Summary of Norovirus Persistence on
   Human Hands and in Water

Noroviruses are stable on human hands.
Almost no change in NoV RNA levels
after more than two hours on human
Norwalk virus maintained infectivity in
water at room temperature for at least 60
     Viral shedding in feces

Surfaces                 Hands


       New Susceptible Host
  Efficacy of Various Handwash
   Agents against Noroviruses

Handwash Study 1: Efficacy of standard benchmark
alcohol-based sanitizer PURELL (62% Ethanol)

Handwash Study 2: Efficacy of VF447 (70% ethanol with

Handwash Study 3: Efficacy of VF481 (70% ethanol with
  Handwash Study 1: Efficacy of Benchmark
PURELL and Liquid Soap against Norwalk Virus
  Virus ---- 20% NV-positive stool sample

  Subject ---- 5 volunteers

  ASTM Standard Method

  Replicate Trials ----
    Both left and right hands,
    Day 1 and Day 2

  Test products
  Hand sanitizer (from grocery store): 62% ethanol
  Liquid soap (lab): antibacterial, Triclosan
  Water rinse: tap water
American Standard Test Method for in vivo evaluation of
the activity of handwash agents using the fingerpad
(ASTM E 1838-02)
              Hand sanitizer
                                     Study procedures
    Liquid soap
                      Dry control
Water rinse

                             Input control

                                             Virus dried

                                             Elute virus from
                     Fingerpad Method
1. Wash hands, dry, mark fingerpads                2. Add virus suspension to fingerpad

                                      3. Allow virus to dry on fingerpads
                     Fingerpad Method
4. Expose fingerpad to handwash agent        5. Handwash agent removes and/or inactivates virus

                                        6. Expose finger to buffer to remove any remaining virus
              Fingerpad Method
7. Test buffer by RT-PCR to measure amount of remaining
8. Compare to input level of virus on control finger to calculate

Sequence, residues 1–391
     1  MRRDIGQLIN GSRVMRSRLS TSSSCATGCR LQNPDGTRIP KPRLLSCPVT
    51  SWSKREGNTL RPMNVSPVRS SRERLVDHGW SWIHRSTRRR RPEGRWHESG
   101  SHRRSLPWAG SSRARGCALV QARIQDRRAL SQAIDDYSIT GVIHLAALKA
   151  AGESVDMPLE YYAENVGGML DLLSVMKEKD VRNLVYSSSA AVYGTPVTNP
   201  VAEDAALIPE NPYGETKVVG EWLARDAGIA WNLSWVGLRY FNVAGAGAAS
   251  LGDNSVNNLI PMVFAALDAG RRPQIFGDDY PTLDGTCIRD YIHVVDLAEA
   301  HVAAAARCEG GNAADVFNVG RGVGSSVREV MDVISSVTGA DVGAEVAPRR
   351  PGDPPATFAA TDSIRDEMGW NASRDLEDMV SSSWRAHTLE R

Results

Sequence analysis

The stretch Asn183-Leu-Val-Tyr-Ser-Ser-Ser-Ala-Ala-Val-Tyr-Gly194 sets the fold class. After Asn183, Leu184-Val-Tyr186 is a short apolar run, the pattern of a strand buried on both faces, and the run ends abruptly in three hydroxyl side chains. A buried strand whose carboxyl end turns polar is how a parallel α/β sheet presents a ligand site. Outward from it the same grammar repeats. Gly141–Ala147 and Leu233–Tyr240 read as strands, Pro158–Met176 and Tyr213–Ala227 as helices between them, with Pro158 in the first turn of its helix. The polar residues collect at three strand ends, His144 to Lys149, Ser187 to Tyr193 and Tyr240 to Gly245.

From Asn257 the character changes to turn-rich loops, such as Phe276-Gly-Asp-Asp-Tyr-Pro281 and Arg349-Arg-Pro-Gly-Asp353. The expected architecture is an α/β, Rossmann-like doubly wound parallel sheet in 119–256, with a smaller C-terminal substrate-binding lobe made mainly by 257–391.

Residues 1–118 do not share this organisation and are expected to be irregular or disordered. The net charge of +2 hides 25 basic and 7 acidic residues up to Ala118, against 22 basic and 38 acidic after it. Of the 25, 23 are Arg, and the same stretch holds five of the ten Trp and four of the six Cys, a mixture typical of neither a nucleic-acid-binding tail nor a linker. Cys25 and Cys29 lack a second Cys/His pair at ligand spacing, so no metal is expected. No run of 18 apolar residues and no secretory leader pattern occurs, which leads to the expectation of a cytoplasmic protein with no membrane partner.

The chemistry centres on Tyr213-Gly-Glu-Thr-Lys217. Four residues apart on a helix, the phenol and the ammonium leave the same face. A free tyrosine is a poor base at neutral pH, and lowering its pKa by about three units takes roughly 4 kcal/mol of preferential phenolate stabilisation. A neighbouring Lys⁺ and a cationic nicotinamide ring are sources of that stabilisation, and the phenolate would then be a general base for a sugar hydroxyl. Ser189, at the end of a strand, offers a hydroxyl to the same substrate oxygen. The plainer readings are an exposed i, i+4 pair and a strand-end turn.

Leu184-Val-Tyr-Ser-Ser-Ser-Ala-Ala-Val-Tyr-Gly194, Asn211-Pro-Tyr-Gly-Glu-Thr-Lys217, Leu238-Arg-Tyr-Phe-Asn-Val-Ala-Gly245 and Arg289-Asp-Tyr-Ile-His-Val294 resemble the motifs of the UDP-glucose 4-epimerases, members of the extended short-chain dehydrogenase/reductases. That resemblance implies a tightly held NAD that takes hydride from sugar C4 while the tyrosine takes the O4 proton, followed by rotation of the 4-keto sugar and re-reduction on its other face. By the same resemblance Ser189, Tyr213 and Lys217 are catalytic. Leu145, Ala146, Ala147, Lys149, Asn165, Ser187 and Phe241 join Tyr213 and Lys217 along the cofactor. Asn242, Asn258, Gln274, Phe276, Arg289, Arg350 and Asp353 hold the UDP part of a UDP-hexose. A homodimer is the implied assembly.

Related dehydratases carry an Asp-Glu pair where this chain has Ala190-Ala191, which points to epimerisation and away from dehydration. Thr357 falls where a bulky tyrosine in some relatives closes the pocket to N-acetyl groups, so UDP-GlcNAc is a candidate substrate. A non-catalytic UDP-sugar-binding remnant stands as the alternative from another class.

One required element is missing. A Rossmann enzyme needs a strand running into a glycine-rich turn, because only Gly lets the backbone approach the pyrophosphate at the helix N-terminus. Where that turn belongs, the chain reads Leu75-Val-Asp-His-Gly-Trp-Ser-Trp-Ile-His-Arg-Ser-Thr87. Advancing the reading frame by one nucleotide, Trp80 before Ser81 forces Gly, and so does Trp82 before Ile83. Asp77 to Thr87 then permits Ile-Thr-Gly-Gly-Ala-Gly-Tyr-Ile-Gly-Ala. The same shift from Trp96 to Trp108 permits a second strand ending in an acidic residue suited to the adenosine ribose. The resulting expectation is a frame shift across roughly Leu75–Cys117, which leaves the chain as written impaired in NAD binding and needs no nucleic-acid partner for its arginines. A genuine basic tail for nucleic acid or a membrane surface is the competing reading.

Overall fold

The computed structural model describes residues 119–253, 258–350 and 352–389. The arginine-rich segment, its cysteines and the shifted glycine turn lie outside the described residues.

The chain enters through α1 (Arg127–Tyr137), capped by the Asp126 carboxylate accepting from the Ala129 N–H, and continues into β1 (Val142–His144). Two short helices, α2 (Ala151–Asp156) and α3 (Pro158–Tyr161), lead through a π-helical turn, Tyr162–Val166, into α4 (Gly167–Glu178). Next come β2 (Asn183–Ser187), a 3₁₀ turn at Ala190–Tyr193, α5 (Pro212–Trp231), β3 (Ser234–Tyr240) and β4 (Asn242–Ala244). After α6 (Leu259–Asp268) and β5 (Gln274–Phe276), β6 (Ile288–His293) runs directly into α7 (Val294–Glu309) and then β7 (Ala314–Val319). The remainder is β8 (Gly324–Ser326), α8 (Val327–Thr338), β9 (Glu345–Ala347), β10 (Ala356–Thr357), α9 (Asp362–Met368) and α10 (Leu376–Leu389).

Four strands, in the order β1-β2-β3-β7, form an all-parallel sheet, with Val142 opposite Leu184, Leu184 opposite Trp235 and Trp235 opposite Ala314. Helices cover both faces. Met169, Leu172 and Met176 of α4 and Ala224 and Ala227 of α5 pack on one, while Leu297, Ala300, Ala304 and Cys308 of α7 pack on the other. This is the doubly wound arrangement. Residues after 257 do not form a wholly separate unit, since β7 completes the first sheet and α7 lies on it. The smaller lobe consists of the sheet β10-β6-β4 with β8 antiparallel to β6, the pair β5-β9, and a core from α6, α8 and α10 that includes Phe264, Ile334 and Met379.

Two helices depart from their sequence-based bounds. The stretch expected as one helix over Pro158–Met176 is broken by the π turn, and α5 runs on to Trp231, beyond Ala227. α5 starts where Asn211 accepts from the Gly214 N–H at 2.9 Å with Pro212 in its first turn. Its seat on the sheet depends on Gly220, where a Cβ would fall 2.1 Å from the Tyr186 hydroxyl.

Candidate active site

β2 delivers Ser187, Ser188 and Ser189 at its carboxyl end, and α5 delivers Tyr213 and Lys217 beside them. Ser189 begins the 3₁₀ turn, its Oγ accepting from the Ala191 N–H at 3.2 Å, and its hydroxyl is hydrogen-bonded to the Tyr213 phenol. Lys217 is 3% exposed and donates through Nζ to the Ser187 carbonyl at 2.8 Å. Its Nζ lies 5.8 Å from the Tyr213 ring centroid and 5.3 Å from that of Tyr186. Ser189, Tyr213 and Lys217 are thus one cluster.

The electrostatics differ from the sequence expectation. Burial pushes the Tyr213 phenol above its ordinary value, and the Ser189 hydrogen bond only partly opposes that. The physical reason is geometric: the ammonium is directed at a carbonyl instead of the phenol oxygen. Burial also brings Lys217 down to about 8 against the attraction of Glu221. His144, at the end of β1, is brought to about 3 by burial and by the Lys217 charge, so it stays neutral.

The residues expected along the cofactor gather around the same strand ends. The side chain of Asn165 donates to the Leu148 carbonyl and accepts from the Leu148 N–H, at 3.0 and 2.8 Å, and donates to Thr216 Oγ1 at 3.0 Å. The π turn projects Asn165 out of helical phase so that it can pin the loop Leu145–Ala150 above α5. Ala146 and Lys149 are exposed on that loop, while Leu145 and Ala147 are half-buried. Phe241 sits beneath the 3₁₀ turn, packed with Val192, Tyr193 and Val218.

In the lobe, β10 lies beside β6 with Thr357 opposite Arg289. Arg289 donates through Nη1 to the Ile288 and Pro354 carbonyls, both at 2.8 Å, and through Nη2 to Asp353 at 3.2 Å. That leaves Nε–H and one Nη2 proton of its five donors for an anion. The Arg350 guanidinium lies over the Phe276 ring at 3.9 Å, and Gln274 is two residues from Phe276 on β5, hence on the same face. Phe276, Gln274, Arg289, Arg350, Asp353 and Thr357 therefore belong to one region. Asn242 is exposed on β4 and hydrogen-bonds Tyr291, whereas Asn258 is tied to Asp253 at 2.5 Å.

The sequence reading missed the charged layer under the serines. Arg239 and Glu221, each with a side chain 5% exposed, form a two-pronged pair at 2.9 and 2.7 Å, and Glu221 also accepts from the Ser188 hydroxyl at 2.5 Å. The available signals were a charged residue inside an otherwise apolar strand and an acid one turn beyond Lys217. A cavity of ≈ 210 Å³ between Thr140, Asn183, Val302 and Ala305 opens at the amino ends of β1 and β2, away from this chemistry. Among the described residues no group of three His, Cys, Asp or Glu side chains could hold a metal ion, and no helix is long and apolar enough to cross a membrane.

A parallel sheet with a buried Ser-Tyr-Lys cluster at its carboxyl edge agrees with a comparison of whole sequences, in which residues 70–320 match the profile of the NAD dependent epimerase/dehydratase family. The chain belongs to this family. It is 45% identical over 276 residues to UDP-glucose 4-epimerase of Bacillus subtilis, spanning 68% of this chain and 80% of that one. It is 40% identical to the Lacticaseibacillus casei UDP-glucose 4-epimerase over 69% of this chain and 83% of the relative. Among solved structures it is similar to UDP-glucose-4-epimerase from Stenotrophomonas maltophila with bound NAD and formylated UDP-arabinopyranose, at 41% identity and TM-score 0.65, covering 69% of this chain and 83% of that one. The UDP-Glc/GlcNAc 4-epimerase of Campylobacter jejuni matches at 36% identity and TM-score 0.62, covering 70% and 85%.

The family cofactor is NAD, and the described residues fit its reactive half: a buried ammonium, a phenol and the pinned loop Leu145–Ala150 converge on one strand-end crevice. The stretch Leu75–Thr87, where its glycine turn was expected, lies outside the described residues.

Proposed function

virus reduction
Summary of Handwash Study 1
Benchmark alcohol-based hand sanitizer
(62% ethanol) is less effective than liquid
soap or water at reducing Norwalk virus on
Implications for health care settings and
food preparation establishments
  Settings where norovirus outbreaks
  commonly occur
  Settings where alcohol-based sanitizers are
  commonly used
       Handwash Study 2: Efficacy of
      VF447 (GOJO) against Norovirus

VF 447
 70% ethanol with additional ingredients (polyquaternium and citric acid)
that serve as alcohol potentiators
 Data from animal calicivirus surrogates indicate that synergistic action
provides better virus removal/inactivation
     Handwash Study 3: Efficacy of VF481
    (GOJO) against two norovirus strains -
        Norwalk virus and GII.4 virus

VF 481
 70% ethanol with additional ingredients (polyquaternium and copper
gluconate) that serve as alcohol potentiators
Summary of Handwash Results
Significant differences in hand sanitizer performance.
Benchmark alcohol-based hand sanitizer was not
effective against norovirus
VF447 was effective at reducing Norwalk Virus on
human hands but was not effective against Snow
Mountain Virus (data not shown)
VF481 was very effective for both NV and GII.4
Because we tested norovirus RNA titers (which may
include dead virus) in all studies, the actual efficacies of
the hand sanitizers were probably underestimated.
Experiments with different RNA extraction methods
showed similar trends but reduced log reduction.
      What do we know about
      Norovirus epidemiology?
Data from CDC and HPA surveillance indicate
increase in norovirus outbreaks
  Due in part to better PCR detection methods that
  are more widely available
  Emergence of new GII.4 strains